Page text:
When the War on Terror began, Joe Glenton signed up to serve his nation. He passed through basic training and deployed to Afghanistan in 2006. What he saw overseas left him disillusioned, and he returned manifesting symptoms of post-traumatic stress disorder. Refusing a second tour, he went AWOL and left the country, but returned voluntarily to fight his case, with the military accusing him of desertion. Despite being threatened with years in prison, he continued to speak out and won the support of many of his fellow soldiers.
Unsparingly honest and powerfully written, Glenton’s account of his personal war against an unjust occupation is the true story of an ordinary soldier standing up for his convictions, refusing to take part in a pointless conflict, and taking on the military establishment.
“One of the finest books I have read on the military and war by an insider.”
“It takes as much courage to stand up against the army as it does to go to war. History is made by people prepared to make that kind of sacrifice.”
“Joe Glenton is the really brave soldier: the one who refused to fight in an unjust war and suffered imprisonment as a result. Above the sound of gunfire it is his story that deserves to be heard.”
“Endlessly quotable and full of dry, dark humour, Soldier Box is the perfect antidote to the Help For Heroes-style soldier worship prevalent today.”
“The refusal to go to war is no slight thing, and raises serious questions about what has taken place overseas in our name. That a soldier can serve in a foreign land and, on the back of what he was witnessed, refuse to return to that particular war, gives no slight insight into what has been taking place. Joe Glenton’s Soldier Box is more than a genuinely fine read, it is a well-written, damning indictment of both British military action in Afghanistan, and the ministry of defence generally. It is to be welcomed, and will hopefully be read by all, crucially the public, for whom it will act as an important antidote to the all too predictable and familiar government line.”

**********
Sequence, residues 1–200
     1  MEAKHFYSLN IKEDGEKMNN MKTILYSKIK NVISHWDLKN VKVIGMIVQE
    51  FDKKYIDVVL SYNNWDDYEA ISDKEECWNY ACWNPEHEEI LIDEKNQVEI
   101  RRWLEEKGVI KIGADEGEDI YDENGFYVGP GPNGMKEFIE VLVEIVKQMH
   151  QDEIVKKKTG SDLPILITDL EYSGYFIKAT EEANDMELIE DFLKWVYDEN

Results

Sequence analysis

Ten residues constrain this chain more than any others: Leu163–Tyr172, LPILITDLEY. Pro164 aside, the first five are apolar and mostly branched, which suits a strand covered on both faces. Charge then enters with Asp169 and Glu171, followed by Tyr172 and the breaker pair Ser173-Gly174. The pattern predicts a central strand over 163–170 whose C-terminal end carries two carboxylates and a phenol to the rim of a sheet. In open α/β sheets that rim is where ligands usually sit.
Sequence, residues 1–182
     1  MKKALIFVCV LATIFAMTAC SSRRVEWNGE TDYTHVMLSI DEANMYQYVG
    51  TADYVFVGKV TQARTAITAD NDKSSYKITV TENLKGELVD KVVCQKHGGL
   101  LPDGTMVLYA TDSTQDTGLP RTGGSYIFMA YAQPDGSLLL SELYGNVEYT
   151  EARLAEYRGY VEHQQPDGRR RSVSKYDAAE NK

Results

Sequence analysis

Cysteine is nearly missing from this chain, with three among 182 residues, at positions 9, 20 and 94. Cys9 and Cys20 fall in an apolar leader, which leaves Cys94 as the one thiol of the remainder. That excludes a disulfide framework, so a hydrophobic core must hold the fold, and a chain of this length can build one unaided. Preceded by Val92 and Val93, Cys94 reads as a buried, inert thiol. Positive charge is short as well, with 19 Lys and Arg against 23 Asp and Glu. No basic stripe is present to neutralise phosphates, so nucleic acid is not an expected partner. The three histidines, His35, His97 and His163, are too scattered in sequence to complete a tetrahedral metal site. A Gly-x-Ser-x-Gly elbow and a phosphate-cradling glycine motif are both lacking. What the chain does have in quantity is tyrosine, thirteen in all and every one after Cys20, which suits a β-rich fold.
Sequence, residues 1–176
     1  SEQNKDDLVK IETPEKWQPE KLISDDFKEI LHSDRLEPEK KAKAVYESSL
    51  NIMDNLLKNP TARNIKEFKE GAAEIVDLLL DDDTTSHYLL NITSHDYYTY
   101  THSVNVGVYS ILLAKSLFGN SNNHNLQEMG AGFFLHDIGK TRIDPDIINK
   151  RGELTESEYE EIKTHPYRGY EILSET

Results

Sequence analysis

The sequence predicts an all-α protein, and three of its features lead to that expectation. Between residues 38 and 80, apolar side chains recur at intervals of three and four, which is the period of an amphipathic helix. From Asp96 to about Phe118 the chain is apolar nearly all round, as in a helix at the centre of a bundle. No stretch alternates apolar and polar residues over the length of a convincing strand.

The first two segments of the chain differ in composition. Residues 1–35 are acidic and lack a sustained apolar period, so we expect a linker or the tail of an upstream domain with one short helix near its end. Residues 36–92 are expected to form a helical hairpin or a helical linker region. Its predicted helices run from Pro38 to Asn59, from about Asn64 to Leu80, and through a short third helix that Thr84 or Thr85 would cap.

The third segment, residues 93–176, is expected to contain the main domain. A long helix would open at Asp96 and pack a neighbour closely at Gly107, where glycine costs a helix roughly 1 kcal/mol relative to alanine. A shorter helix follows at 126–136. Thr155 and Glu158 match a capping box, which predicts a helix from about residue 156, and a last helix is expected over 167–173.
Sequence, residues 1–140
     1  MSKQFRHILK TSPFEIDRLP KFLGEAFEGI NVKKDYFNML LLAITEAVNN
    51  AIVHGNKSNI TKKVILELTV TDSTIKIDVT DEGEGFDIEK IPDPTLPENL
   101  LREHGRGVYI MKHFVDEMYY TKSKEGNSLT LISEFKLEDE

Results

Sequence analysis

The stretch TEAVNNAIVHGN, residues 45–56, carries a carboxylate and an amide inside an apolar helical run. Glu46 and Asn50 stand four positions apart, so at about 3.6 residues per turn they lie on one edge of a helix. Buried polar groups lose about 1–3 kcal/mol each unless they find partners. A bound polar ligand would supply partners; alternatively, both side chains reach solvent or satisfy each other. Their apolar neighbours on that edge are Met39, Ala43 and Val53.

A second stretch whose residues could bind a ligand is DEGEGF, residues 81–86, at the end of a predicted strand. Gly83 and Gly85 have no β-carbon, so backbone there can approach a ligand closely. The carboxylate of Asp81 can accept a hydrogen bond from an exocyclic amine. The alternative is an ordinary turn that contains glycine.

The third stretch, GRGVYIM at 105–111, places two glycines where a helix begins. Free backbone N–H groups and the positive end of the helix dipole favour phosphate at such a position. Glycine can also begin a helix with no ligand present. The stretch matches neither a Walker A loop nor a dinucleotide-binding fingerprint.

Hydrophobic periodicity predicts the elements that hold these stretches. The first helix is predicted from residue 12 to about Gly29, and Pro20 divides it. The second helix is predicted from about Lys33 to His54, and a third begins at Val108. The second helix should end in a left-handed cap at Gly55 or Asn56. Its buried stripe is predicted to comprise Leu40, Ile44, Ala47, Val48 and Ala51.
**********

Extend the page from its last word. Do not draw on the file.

“Seven years ago, soldier Joe Glenton was about to become a hero. After his first tour in Afghanistan, the young private was earmarked as promising army material and quickly promoted. Had he toed the line, he might have been a decorated career soldier. But something else had happened to Glenton in the dust and violence of Afghanistan. Instead of becoming the soldier he’d imagined when he eagerly enlisted, he became a hero of a completely different kind. Appalled by the needless brutality of the war, he refused to redeploy and instead became one of Britain’s most acclaimed refuseniks. A high-profile battle with the government ended in military prison but sparked a national debate and his political awakening. Now a key figure in the anti-war movement, his book Soldier Box is a warts-and-all account of his army life in the Royal Logistics Corp, his deployment to Afghanistan, his legal battle and four-month spell in the glasshouse.”
“A riveting read about the reality of life in Britain’s imperialist wars — and the brave fight to expose it... Joe’s story is a powerful read, but not just because it’s a good story. It reveals how the army and those in power have to try and crush the human spirit to pursue their aims. But Soldier Box shows us that they don’t always succeed.”